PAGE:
As any owner of an NBA team can tell you, talent doesn’t come cheap. You could buy a nice house with the bonus money bestowed upon those six clerks:
[Latham partner] Richard Bress said that his firm paid the market-level hiring bonus for U.S. Supreme Court clerks — about $200,000 [per clerk] — and considers the money well spent. “We’ve found they can come in and immediately operate at a very high level,” said Bress.
High enough to earn out that bonus, plus the standard six-figure salary paid to an associate of the relevant seniority level? We have our doubts.
But let’s not look at this through an economic lens. The ability to boast of having a SCOTUS clerk at your firm — plus, of course, the ability to boss around said SCOTUS clerk — is priceless.*
(We recommend the full NLJ article to you. It also reports on clerks who have gone to other firms, legal academia, and government posts.)
* Of course, you can’t really abuse that power too much. If you force Supreme Court clerks to sully their hands with, say, document review, they may spread the word among the Elect that you’re a horrible place to work — and you’ll never bag another SCOTUS clerk again. Latham is the ‘in’ spot for high court clerks [National Law Journal]
After enduring copious coverage of Heather Mills’s and Sara Evans’s marital woes, we finally get to read about an A-lister’s split. From TMZ.com:
Reese Witherspoon and Ryan Phillippe have separated. The couple’s rep released a statement to TMZ Monday morning that says “We are saddened to announce that Reese & Ryan have decided to formally separate. They remain committed to their family and we ask that you please respect their privacy and the safety of their children at this time.”
This is too bad. Reese and Ryan were one celebrity couple we actually kinda liked.
Divorce papers haven’t been filed yet, “so there’s still some hope,” say the Popsugar folks. But we’re less sanguine. Per TMZ:
Sources tell TMZ Witherspoon has contacted celebrity divorce lawyer Robert Kaufman, who has represented Jennifer Aniston, Roseanne and Lisa Marie Presley.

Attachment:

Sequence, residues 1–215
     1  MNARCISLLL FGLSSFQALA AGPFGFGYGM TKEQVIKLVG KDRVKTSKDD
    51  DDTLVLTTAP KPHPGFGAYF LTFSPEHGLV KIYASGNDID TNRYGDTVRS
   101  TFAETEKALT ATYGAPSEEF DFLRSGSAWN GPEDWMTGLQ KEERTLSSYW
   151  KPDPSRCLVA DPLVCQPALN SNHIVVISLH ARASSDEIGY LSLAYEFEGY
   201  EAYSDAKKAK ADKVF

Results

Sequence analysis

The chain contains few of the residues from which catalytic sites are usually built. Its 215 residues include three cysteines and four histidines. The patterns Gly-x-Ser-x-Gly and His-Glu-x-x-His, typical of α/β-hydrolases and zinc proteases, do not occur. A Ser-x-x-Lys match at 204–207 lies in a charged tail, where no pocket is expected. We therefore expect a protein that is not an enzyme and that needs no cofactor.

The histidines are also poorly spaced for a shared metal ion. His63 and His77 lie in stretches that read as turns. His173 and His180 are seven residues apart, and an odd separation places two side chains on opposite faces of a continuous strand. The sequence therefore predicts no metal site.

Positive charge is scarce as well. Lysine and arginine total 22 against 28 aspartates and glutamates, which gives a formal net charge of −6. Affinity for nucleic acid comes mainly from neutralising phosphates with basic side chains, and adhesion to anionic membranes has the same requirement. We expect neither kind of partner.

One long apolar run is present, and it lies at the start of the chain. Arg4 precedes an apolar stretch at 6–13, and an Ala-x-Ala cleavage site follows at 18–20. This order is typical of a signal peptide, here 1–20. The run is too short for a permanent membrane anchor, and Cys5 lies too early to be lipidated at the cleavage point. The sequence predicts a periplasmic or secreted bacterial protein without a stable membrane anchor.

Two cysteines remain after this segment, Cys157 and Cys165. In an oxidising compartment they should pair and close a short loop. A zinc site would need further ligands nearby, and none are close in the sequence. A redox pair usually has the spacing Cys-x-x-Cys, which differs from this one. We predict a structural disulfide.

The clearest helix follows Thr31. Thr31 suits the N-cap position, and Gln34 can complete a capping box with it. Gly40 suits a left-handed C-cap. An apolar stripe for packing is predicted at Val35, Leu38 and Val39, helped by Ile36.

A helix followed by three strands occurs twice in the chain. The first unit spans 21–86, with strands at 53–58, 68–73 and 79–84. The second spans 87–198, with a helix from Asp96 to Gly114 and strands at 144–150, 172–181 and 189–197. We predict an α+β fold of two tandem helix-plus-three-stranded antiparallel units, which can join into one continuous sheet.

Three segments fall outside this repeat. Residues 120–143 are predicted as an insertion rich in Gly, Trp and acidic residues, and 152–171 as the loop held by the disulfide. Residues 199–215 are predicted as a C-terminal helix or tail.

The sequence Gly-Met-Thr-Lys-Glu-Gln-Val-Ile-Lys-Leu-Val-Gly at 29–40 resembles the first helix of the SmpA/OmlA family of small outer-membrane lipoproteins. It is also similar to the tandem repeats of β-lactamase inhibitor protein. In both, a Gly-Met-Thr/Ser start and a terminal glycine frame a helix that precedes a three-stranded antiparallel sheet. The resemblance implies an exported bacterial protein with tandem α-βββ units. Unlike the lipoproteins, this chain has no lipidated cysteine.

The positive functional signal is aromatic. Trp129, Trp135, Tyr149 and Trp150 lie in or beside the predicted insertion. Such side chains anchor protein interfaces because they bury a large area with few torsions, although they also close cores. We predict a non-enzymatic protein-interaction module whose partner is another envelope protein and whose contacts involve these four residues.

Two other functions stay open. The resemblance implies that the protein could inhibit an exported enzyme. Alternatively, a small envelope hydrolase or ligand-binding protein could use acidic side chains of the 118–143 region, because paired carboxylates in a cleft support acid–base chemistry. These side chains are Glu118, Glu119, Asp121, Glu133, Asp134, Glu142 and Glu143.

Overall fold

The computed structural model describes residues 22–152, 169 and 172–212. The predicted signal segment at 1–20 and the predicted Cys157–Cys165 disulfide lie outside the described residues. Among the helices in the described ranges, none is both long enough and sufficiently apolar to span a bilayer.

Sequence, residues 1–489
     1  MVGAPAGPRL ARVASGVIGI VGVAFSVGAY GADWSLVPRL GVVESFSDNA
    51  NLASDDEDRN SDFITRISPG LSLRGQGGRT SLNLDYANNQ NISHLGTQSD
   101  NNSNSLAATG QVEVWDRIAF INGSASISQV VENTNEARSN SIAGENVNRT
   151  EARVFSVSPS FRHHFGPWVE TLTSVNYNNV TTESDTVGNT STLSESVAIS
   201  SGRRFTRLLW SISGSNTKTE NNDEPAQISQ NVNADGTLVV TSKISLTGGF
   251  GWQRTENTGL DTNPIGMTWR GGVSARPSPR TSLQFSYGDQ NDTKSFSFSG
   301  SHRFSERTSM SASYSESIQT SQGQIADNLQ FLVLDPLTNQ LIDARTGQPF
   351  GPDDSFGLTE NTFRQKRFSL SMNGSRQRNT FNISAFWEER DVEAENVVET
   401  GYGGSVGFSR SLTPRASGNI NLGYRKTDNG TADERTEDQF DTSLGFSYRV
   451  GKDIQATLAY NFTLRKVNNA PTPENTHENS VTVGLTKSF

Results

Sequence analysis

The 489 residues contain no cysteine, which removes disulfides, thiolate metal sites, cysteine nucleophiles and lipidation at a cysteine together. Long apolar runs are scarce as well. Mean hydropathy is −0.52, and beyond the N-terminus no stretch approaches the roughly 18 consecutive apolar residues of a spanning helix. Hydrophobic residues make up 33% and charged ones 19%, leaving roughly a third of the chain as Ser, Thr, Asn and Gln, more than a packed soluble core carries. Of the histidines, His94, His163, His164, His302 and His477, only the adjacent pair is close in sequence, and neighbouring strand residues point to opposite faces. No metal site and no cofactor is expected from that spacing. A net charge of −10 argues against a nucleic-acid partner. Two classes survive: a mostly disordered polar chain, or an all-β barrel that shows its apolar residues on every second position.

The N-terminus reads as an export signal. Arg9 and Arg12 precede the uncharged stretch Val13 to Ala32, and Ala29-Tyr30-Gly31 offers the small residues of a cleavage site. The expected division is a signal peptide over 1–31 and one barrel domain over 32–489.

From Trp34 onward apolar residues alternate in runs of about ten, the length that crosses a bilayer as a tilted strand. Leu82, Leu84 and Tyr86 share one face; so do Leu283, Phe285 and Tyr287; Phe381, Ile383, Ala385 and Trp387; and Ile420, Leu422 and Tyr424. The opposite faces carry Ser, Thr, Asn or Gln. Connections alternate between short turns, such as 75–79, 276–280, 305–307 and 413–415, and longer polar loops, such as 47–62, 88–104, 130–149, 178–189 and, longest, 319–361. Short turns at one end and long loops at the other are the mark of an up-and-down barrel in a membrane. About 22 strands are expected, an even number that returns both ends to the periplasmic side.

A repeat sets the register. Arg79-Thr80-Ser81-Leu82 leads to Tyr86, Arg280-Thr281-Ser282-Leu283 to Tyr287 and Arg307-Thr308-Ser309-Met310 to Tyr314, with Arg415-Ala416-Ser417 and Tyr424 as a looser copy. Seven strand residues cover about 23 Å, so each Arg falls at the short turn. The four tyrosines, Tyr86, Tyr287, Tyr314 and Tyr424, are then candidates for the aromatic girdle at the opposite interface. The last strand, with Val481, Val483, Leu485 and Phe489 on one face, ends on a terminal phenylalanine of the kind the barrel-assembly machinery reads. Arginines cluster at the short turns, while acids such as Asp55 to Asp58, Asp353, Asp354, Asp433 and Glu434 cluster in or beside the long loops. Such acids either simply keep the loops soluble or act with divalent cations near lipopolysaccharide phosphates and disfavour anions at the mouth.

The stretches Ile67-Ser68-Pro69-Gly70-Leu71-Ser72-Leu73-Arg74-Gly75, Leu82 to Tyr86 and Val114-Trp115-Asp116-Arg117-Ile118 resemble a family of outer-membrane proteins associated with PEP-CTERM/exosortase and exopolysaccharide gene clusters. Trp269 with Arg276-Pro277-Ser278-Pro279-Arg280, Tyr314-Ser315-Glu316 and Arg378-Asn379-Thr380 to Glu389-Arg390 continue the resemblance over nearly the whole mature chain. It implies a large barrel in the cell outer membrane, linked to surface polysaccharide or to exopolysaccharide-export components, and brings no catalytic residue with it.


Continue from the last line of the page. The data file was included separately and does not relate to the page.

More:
Okay, they didn’t quite say that. But they might as well have. A quick update on a story we previously wrote about:
An American schoolteacher sentenced to three years’ probation — to be served in Canada — [was] detained at the border, Public Safety Minister Stockwell Day has confirmed.
Malcolm Watson, who was convicted of a minor sexual offence concerning a 15-year-old girl, was arrested by Canadian border guards while returning from a court appearance Thursday in Buffalo, N.Y.
“We don’t want to see Canada become a haven for pedophiles or anyone else committing a serious crime,” Day said outside the House of Commons.
Ooooh, Canada’s going to get tough on Malcom Watson. Maybe they’ll take away his free health care!
Of course, it didn’t take long for Watson to get off:
An Immigration Review Board official [on Friday] freed Mr. Watson on a $5,000 bond, saying he poses little danger to Canadian society. The 35-year-old, earlier convicted of minor sexual offences in Buffalo and allowed to serve his three-year probation in Canada, is required to reside with his Canadian wife and children in their St. Catharines, Ont., home.
Canadian officials will try to get him shipped out of the country, but it may be an uphill battle:
[I]f a [Canadian] resident [like Watson] is convicted of a crime outside the country, the government must find an equivalent offence under Canadian law, according to Toronto immigration lawyer Lorne Waldman. That could prove tricky in Mr. Watson’s case, because his crime involved his relationship with a 15-year-old girl, and the age of consent in Canada is 14.
Both of today’s moves are in the field of intellectual property law: